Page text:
For-profit colleges offer an expensive but flexible alternative to “long waiting lists and restrictive class schedules” at cash-strapped community colleges, notes NPR’s Elaine Korry.
Tanya Friar, a mother of four, began nursing school several years ago at Delta Community College, east of San Francisco. But she had a hard time getting into the classes she needed at times she could attend. So she transferred to the University of Phoenix.
Friar: It totally fit with what I have to do — running around after four kids — it doesn’t require a lot of taking time off from work for me, I’m really able to adjust my schedule one day a week.
Her University of Phoenix degree will cost her an additional $20,000, compared to a community college degree, but she expects to make enough money to pay off the loans.
If going to Phoenix gets Friar into the nursing workforce a semester earlier — and it almost certainly will — she’ll cover the extra cost. All of California’s community college nursing programs are turning away would-be students. (By state law, colleges can’t admit the best applicants; they must use a lottery to choose among those who meet minimal qualifications. That keeps the minority enrollment up.)
Of course, not all for-profit students earn a degree in a high-demand profession. For-profit students leave school owing $30,000 on average, reports Korry. “They are much more likely that public college students to default on federal loans.”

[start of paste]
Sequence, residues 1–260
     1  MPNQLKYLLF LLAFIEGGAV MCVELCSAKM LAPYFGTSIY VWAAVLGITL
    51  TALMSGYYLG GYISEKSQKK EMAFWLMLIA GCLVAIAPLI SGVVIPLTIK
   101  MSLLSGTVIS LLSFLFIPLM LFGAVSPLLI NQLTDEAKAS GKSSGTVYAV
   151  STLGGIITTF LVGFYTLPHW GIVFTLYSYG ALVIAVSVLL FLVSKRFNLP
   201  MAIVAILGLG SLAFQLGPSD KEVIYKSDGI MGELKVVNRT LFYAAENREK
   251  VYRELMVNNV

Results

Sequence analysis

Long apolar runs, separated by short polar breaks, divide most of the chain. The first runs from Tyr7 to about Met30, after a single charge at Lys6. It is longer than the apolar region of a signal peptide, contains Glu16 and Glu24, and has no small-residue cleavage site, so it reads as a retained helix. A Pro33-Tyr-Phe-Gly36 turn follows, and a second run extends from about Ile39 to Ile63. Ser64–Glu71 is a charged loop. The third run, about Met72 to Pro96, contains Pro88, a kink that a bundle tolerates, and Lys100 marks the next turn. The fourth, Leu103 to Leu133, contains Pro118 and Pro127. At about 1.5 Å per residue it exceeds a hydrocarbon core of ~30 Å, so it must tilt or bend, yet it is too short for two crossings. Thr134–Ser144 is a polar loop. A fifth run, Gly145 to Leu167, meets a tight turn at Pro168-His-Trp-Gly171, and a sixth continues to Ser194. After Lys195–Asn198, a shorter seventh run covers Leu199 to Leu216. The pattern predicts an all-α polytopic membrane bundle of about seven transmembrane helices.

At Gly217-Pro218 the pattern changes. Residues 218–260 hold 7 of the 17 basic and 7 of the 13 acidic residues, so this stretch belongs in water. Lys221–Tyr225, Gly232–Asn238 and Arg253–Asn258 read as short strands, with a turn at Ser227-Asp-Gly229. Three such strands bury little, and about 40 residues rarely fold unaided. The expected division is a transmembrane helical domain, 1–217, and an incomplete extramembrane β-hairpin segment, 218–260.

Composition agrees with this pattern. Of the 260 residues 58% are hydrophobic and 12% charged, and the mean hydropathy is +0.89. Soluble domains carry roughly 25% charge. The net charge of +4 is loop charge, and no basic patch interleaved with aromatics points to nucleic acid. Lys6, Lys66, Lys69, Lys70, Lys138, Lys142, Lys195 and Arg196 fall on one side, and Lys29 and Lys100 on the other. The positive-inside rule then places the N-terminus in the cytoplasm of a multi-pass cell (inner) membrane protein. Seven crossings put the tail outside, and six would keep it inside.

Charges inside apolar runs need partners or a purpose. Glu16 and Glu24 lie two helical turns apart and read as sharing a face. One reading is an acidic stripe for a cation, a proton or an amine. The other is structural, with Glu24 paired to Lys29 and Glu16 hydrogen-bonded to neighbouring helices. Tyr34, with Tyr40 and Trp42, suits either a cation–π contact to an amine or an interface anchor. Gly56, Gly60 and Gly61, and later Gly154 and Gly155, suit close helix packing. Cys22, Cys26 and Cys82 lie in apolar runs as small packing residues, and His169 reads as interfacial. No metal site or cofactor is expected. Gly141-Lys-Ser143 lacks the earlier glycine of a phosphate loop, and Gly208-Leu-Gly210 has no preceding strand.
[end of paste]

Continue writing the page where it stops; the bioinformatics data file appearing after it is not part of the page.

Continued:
Colorado students — especially nursing students — also are leaving crowded community colleges in favor of for-profit alternatives, reports Education News of Colorado.
Community College of Aurora President Linda Bowman, who formerly worked in the proprietary sector, said enrollment at her campus climbed 20 percent this year. She said certain intensive programs, such as nursing, are expensive to deliver. . . .
“It’s very expensive for state-supported schools,” she said. “The fact that we try to keep the tuition so low results in our having a lack of capacity compared to demand and an inability to charge exactly what it costs.”
For-profits have unique strengths, including the imperative to seek out cost efficiencies, writes Rick Hess on Straight Up.
Innosight’s Michael Horn adds, For-profits are getting a bad rap on the Huffington Post.
On Mother Jones: For-profits rip off students, who are saddled with debt for dubious degrees.